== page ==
If you can read this, either the style sheet didn't load or you have an older browser that doesn't support style sheets. Try clearing your browser cache and refreshing the page.

(Reuters)   Expensive hospitals aren't always the best for surgery. HI, EVERYBODY   (reuters.com) divider line 1
    More: Interesting, U.s.news & World Report, hospitals, Johns Hopkins Hospital, Johns Hopkins Hospital in Baltimore, surgery, hip replacement surgery, health insurance  
•       •       •

3600 clicks; posted to Geek » on 31 Jul 2013 at 7:52 AM (37 weeks ago)   |  Favorite    |   share:  Share on Twitter share via Email Share on Facebook   more»



Voting Results (Smartest)
View Voting Results: Smartest and Funniest

2013-07-31 10:17:03 AM
1 votes:
This may be the only comment in the thread that actually addresses TFA, but what the heck.

CU used only two measures to establish their ranking: length of stay and mortality.  Those are rather blunt instruments to measure quality.  In their defense, their source data, which is collected by CMS, is poor at measuring outcomes more accurately than that. Actually, just about every national organization is poor at measuring medical outcomes, because there is often a large subjective component to how patients and their doctors rate outcomes.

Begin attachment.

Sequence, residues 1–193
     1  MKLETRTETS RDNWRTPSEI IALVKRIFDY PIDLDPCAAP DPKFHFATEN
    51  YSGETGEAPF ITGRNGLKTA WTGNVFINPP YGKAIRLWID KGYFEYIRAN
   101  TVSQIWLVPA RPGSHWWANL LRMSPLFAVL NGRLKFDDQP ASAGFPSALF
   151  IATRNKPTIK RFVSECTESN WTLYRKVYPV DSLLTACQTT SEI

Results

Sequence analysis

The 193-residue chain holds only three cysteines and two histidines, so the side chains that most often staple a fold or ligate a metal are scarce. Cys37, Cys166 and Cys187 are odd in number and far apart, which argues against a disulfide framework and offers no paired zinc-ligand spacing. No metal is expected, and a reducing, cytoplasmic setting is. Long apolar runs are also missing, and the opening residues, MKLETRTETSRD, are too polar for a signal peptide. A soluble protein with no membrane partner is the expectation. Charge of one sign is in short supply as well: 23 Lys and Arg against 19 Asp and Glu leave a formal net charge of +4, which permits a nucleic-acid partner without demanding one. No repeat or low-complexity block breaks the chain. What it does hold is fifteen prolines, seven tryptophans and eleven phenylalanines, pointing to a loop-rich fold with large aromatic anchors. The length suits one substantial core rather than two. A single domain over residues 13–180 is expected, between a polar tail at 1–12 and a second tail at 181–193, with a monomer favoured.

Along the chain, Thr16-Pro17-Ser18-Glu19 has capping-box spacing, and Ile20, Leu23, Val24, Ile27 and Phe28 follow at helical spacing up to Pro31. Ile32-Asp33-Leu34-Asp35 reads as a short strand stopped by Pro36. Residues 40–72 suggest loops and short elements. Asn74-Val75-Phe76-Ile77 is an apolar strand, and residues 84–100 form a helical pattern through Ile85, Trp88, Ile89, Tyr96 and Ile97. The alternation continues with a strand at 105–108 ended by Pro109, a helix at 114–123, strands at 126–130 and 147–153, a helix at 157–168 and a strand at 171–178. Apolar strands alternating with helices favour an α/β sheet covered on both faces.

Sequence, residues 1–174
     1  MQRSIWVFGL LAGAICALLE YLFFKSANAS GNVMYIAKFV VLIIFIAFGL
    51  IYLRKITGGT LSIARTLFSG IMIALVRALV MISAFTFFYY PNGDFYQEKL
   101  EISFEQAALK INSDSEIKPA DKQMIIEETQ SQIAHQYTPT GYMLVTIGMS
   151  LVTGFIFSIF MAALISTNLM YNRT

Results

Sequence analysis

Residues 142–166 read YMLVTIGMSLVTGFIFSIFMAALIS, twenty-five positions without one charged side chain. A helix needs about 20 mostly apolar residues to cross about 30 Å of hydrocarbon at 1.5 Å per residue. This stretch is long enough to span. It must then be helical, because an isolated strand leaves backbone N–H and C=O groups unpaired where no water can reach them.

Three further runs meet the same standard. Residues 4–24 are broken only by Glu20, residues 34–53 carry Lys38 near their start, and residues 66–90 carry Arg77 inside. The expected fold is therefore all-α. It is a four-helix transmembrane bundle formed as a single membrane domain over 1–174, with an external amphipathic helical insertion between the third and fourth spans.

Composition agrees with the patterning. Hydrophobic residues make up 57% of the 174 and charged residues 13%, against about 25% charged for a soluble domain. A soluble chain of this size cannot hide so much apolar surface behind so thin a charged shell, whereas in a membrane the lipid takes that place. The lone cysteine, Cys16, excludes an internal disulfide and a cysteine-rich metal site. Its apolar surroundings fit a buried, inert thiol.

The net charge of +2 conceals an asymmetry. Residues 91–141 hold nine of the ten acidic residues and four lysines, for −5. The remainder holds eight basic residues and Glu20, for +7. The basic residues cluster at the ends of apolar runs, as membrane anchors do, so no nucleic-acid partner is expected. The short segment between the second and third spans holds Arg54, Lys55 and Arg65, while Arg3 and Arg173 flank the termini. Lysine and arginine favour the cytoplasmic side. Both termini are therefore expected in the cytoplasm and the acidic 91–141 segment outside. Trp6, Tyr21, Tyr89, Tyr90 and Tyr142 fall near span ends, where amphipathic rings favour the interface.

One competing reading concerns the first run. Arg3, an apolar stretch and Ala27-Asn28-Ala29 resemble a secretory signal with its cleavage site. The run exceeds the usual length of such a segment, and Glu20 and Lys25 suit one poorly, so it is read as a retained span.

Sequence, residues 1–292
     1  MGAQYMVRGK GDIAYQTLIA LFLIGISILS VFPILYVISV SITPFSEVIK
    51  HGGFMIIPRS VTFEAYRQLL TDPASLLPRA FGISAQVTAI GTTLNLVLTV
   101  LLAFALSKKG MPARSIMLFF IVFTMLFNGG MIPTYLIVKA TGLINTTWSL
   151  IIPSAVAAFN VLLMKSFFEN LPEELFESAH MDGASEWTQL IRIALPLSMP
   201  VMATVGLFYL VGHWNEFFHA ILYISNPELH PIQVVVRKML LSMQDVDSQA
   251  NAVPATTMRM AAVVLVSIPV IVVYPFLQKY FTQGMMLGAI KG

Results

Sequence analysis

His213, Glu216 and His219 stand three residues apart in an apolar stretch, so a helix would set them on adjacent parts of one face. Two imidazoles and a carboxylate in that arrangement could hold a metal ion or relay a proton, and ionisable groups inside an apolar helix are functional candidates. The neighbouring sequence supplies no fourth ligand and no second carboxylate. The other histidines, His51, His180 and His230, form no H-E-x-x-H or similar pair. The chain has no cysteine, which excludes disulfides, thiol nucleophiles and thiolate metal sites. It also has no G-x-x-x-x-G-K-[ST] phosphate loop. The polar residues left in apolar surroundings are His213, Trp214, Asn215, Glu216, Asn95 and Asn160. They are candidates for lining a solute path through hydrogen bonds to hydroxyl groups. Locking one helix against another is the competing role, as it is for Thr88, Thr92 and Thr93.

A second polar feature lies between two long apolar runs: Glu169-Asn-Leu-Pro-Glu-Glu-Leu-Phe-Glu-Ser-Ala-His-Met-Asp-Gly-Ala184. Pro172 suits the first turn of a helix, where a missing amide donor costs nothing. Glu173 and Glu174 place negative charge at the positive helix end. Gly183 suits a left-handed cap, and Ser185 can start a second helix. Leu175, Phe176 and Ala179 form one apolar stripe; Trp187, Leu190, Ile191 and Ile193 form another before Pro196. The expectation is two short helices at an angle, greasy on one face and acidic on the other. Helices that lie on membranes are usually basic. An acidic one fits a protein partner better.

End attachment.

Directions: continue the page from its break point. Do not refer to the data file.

Also, the data was somehow adjusted to reflect differences in acuity, but the methodology was not clear. ("The rates are adjusted to account for the fact that some hospitals treat older or sicker patients, and exclude data on patients who were transferred from other hospitals. These are often difficult cases that, CU felt, should not be counted against the receiving hospital.")  Given that CU poached their data from CMS, I would guess that the "older and sicker" adjustment was based on the Case Mix Index, which for years has been inflated by hospitals to get more sweet, sweet gubmint reimbursement.  It is probably fair to exclude transfers, but how do they account for the sicker patients with more complex conditions who are not transferred during the course of acute care, but are discharged from the referring hospital and are wheeled in to see a consultant at the specialty center and subsequently get their surgery done there?

Anyway, we now resume our Dr Nick and baby chokin' thread, already in progress.
 
Displayed 1 of 1 comments

View Voting Results: Smartest and Funniest

This thread is closed to new comments.

Continue Farking
Submit a Link »






Report